Meditations on Crunchiness


Photo by Mustafa Bashari on Unsplash

I love bananas, and Peru has a number of varieties that were new to me. Taking advantage of the situation, I’ve tried every type of banana I have come across. In doing so, I have found that there are lots of distinctive tastes in the banana family, but I haven’t met one yet that I didn’t like. So, in a short time, I have made a considerable dent in the national banana supply while I’ve been living in Peru.

However, since we humans are fickle, my loyalty has recently waivered and my current favorite  fruit is the granadilla, a type of passion fruit. I Like the color and shape of this fruit; it looks like a smooth orangey ball with a stem. What I really like best, though, are the crunchy black seeds. In fact, it is the crunchiness that is my passion right now and bananas, for all their virtues, do not have this quality.

Unfortunately, the seeds that I love in the grenadilla are lodged in a not so attractive glutinous gray mass  that has a sweet taste. I enjoy the taste, but I must confess that it is really the crunch that gets me excited.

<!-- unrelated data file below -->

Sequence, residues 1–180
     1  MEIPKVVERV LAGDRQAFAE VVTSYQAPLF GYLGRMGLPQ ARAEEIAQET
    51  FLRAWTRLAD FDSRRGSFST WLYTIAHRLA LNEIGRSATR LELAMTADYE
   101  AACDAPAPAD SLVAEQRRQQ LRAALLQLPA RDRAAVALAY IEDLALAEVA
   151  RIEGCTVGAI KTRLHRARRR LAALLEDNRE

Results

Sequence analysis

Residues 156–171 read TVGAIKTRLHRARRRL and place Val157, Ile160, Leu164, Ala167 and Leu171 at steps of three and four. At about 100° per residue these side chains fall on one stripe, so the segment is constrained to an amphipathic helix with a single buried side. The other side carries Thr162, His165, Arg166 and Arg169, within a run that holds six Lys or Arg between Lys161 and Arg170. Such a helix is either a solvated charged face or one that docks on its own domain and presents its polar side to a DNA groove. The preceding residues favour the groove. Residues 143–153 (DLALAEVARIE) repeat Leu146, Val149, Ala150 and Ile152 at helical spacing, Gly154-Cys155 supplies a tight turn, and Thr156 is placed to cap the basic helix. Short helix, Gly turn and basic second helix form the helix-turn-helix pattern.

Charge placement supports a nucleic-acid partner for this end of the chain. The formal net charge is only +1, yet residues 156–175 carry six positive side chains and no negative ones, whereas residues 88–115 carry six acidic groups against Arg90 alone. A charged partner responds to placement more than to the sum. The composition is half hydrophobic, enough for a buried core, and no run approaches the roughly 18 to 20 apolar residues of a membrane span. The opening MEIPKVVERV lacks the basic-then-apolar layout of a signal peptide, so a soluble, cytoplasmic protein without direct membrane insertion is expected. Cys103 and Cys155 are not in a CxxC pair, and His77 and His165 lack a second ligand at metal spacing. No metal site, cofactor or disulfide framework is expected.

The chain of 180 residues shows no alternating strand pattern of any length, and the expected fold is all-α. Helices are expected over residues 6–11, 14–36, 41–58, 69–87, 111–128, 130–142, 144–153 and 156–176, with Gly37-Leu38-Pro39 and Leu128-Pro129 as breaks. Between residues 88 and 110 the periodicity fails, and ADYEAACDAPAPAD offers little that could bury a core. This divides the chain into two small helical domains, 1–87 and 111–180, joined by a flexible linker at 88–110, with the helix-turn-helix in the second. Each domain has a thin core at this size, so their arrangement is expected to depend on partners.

I notice that people more adept in granadilla eating, the real pros, just rip off a chunk of the hard outer shell , plunge their fingers into the soft white padding and then tip the fruit so that the contents slide into their mouths. This is a little tricky because the mass comes out in unpredictable globs.  Being just an amateur in this business, I need to use a spoon to eat this fruit. I try to do this in private in order to avoid any sneering from my more highly skilled family members. 

My passion for crunchiness has also stirred my desire  for another product that I have seen only in Peru. It comes in little packages that sell for one Sol ( about 35 cents U.S.) at any kiosk. I’m a little mystified by the name of these cookies. For some reason, unknown to me, they are called Chaplin. On the bag is a drawing of the famous actor in his black suit, derby hat and cane. 

On the package it also says, “The authentic cookies with our traditional taste.” The bag carries a “made in Peru” logo, urging people to buy Peruvian products. Of course, I am pleased to do that. 

With your purchase, you receive approximately twenty hard round disks. They are crunchy, golden and decorated with an imprint of the famous actor. For me, they are extremely addictive. I cannot eat just one. When I buy a package, my hand keeps moving to my mouth in a hypnotic rhythm until they are all gone. A look at the ingredients reveals that it is only wheat flour, sugar and vegetable oil. So it is simply an extremely hard and crisp sugar cookie. 

What is not simple for me is to stop eating them.

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